Around eight out of 10 people who use webmeeting tools or take part in webinars have either never been a participant in a well-run virtual presentation before being expected to present one themselves and / or they have never received any training or coaching in how to be effective.
Bearing that in mind, these are the most common things that surprise people when they're first starting to get to grips with presenting online – the things we hear about all the time when we teach online presentation classes.
It's amazing how much it throws off your timing when you can't see the audience. We get a lot of unconscious cues from our audience about when to slow down, speed up, and check to make sure they're following. Without those cues we tend to speak too quickly, and (worst of all for your audience and your objectives) just keep firing information until they are too overwhelmed to actually understand what you're saying, let alone participate. You need to build opportunities for check-ins and feedback throughout your presentation. By the time it's Q and A, it's really too late to engage them.
These presentations can be so much more interactive than you first think. Many people have never been involved in an interactive, well-run webinar or webmeeting that actually got people involved. It's almost impossible to use any technology well if you've never seen it used well in context. When we teach classes, one of the things we hear most often is, "I didn't know you could do all this stuff". Kind of sad at this stage of adoption, but true.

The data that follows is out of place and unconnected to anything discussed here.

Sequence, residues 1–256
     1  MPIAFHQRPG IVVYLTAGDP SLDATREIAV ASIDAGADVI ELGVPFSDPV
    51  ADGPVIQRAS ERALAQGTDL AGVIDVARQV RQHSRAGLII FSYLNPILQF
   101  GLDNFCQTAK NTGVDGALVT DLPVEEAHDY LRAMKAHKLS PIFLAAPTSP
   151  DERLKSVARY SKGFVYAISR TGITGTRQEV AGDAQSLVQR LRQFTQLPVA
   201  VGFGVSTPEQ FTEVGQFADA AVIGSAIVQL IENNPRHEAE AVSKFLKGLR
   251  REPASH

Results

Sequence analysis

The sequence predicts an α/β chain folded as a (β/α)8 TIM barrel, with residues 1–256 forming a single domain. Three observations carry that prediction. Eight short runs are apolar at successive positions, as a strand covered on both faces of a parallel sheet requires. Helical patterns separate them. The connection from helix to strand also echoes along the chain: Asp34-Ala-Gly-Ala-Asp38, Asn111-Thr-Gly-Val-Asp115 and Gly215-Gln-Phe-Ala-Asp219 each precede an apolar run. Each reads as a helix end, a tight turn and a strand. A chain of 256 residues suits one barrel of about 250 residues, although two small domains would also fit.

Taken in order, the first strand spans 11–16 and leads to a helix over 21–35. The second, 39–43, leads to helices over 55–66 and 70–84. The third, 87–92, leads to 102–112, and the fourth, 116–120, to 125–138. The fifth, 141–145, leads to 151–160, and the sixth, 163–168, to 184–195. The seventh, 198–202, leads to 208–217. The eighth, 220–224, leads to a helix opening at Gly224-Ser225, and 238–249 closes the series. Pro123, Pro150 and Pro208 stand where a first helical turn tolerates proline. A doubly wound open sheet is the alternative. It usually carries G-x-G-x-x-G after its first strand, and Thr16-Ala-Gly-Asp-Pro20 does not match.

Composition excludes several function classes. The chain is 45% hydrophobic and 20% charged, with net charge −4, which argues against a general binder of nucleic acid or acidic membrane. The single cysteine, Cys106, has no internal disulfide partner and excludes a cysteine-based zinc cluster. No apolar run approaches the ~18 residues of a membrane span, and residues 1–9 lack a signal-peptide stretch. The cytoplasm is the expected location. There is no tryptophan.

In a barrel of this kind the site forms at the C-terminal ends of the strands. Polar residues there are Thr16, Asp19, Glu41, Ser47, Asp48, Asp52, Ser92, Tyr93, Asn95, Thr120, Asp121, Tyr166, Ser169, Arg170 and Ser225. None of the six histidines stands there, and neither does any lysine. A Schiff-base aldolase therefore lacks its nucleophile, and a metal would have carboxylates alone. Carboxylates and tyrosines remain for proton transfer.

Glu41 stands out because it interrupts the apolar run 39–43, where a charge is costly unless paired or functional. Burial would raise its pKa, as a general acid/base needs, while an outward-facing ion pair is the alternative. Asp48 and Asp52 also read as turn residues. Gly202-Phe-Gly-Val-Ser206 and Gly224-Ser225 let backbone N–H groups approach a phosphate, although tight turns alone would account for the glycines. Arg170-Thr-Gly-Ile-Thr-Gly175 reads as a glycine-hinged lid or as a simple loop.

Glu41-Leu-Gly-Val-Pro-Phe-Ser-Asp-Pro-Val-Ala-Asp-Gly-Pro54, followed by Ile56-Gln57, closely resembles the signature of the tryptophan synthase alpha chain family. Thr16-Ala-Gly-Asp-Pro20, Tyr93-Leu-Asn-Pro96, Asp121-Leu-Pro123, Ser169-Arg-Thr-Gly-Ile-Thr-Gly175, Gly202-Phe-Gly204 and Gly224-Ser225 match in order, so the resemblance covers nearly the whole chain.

The tools actually work a lot better than they used to. If it's been more than two years since you ran a webinar, you'll be amazed how much easier it is than it used to be. There have been huge advances not only in the presentation tools, but in the audience's equipment. Bandwidth and lots of memory have made it much easier to avoid the delays, freezes and problems that used to ruin webinars. You still need to use it well, but it's astounding. If you haven't used them for a while, go in with an open mind.
We need to get to the point a lot faster. No matter how compelling (you think) your topic is, it is actually a physical hardship to maintain focus and engagement online for a long time. That's why whole-day virtual classes ought to be against the Geneva Convention. You need to get to the point and get their input while they still have the will to participate. The longer you take to get to the meat of your presentation, the more they'll go away hungry and unsatisfied.
The most surprising thing, though, should be no surprise at all. It's how - aside from the technology - there is very little difference between online presentations and the kind we're all familiar with.
Engaging your audience, using the tools at your disposal appropriately, and getting to the point are all concepts that are applicable to any communication you engage in. In fact, our attendees often mention how many of the concepts we teach in class are applicable in more conventional settings.
WebEx, Lync and the others are just part of an evolution in communication technology. They shouldn't get in the way of what you already know about communicating effectively. What's most different is that we actually have to stop and think about what we're doing instead of running on habit.
That's probably not a bad thing when you stop to think about it.